What is rheumatoid arthritis?
Rheumatoid arthritis is a condition that causes joint pain, swelling and morning stiffness. It affects women 3:1 times more often than men. If untreated, it can lead to permanent joint damage. The distribution of joints involved usually allows us to decide what type of inflammatory arthritis it is.
Rheumatoid arthritis is probably the commonest cause of inflammatory arthritis in the UK. It affects young people in their 30s and 50s. For those with the condition, the small joints of the hands and the feet become painful and swollen.
Early diagnosis is really important, as this allows us to get you on the right medication, which will get rid of the inflammation and prevent damage to your joints. The longer you have inflammation in the joints, the more damage occurs – and once this damage occurs, we cannot repair it. We’ll therefore get you on some medication that will prevent damage as quickly as possible, with our treatment goal being remission.
People with rheumatoid arthritis report stiffness in the morning, lasting up to an hour. It’s very important to treat this condition as early as possible. If it is untreated, it can lead to permanent joint damage. If it’s progressive and the joints are damaged, joint replacement surgery may be required.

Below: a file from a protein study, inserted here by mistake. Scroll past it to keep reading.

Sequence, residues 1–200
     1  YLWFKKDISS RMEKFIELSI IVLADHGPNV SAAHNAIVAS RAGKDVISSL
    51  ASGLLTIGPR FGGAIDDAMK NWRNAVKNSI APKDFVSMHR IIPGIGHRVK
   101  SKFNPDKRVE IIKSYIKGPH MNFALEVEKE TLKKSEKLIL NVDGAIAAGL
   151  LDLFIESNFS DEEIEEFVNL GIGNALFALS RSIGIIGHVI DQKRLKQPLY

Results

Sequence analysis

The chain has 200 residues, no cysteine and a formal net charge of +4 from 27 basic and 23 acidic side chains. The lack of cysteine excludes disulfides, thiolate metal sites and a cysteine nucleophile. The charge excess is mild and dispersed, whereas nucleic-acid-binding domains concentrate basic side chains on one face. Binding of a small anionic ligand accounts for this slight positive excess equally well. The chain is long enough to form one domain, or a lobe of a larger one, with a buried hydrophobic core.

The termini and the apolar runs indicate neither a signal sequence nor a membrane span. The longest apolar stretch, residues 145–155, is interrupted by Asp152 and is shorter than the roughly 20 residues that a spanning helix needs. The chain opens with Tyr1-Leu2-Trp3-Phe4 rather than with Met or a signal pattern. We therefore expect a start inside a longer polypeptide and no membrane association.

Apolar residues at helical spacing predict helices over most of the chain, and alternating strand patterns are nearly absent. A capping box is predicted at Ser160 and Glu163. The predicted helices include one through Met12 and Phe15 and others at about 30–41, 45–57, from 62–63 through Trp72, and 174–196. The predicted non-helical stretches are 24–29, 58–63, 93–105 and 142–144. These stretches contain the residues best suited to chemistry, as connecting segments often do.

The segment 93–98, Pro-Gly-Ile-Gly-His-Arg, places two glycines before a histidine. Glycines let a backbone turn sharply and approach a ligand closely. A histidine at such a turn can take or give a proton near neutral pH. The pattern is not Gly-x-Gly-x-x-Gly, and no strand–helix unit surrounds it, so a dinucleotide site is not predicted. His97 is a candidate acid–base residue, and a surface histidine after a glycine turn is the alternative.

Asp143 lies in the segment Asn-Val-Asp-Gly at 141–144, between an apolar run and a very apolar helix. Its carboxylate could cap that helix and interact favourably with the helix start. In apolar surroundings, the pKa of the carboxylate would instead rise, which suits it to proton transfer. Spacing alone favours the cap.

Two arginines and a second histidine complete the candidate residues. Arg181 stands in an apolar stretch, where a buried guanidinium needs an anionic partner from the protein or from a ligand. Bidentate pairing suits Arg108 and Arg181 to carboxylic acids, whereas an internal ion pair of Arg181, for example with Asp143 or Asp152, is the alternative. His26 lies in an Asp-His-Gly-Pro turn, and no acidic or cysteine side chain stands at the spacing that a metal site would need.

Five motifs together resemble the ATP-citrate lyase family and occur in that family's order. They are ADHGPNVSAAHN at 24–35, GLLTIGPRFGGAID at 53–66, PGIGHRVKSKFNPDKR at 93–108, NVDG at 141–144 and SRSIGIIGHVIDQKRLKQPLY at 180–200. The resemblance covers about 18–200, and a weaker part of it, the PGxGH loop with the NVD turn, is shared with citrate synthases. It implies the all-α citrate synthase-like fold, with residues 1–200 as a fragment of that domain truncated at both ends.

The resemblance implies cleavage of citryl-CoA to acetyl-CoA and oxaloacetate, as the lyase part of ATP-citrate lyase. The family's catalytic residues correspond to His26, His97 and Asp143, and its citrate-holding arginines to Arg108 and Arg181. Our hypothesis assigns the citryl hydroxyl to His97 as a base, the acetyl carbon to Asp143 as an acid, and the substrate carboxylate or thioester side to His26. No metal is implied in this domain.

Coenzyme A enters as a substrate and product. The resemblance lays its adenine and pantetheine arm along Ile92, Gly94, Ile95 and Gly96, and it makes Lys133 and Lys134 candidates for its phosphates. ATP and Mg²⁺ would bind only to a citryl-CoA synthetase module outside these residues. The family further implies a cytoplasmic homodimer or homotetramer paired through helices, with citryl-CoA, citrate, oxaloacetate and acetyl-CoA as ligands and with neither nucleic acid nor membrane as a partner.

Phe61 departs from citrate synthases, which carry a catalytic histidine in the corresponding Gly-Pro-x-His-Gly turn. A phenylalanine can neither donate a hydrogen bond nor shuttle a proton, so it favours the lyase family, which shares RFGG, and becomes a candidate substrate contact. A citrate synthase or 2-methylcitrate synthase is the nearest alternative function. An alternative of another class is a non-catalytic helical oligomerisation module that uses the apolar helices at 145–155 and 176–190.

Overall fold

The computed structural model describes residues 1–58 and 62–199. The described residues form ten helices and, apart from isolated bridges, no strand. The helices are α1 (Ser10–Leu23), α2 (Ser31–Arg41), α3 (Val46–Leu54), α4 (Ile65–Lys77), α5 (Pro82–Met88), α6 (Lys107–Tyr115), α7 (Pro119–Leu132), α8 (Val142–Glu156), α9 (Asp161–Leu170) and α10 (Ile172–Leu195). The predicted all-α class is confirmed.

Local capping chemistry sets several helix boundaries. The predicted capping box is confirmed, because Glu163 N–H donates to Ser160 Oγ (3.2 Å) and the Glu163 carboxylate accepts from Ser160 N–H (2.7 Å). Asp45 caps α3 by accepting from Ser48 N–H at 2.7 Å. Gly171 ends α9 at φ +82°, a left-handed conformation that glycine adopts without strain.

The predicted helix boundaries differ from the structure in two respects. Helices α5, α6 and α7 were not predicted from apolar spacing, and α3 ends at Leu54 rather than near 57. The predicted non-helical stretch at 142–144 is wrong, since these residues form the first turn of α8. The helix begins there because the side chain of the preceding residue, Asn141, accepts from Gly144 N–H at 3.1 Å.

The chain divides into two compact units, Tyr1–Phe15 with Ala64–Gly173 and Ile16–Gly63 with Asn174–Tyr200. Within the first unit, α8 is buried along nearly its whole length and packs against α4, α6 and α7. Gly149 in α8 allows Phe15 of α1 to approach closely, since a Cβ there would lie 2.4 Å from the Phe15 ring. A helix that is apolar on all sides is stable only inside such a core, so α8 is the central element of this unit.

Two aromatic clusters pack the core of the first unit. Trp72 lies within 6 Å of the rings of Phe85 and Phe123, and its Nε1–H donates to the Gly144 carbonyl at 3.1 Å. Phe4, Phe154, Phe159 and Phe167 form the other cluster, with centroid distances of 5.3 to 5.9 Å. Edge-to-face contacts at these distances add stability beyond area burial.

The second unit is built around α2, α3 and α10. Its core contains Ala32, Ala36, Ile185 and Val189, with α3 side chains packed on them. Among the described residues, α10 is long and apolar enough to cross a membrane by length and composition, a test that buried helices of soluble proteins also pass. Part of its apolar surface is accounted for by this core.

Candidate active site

With early identification and initiation of drug treatment, we can often put patients into remission. That means you can take medicines and drugs, and in time, the condition will be controlled.
When I see patients, they will have a consultation with me. I’ll take a history, examine you and usually take some blood tests and X-Rays on the same day.
I may start you on some treatment, which will usually get rid of some of the inflammation on the same day. That’s either an injection or some tablets, and then you would come back in a week or two to make sure you’re tolerating the tablets.
Most patients can expect a good response to medical treatment. Only a small percentage of patients are in a situation where the inflammation cannot be controlled; we can treat most people with synthetic disease modifying drugs.
If conventional treatments don’t work, we have biologic therapies. We probably now have a third of patients who have got progressive disease now who are on new drugs. For them, we can use biological targeted therapies that have been around since 2001.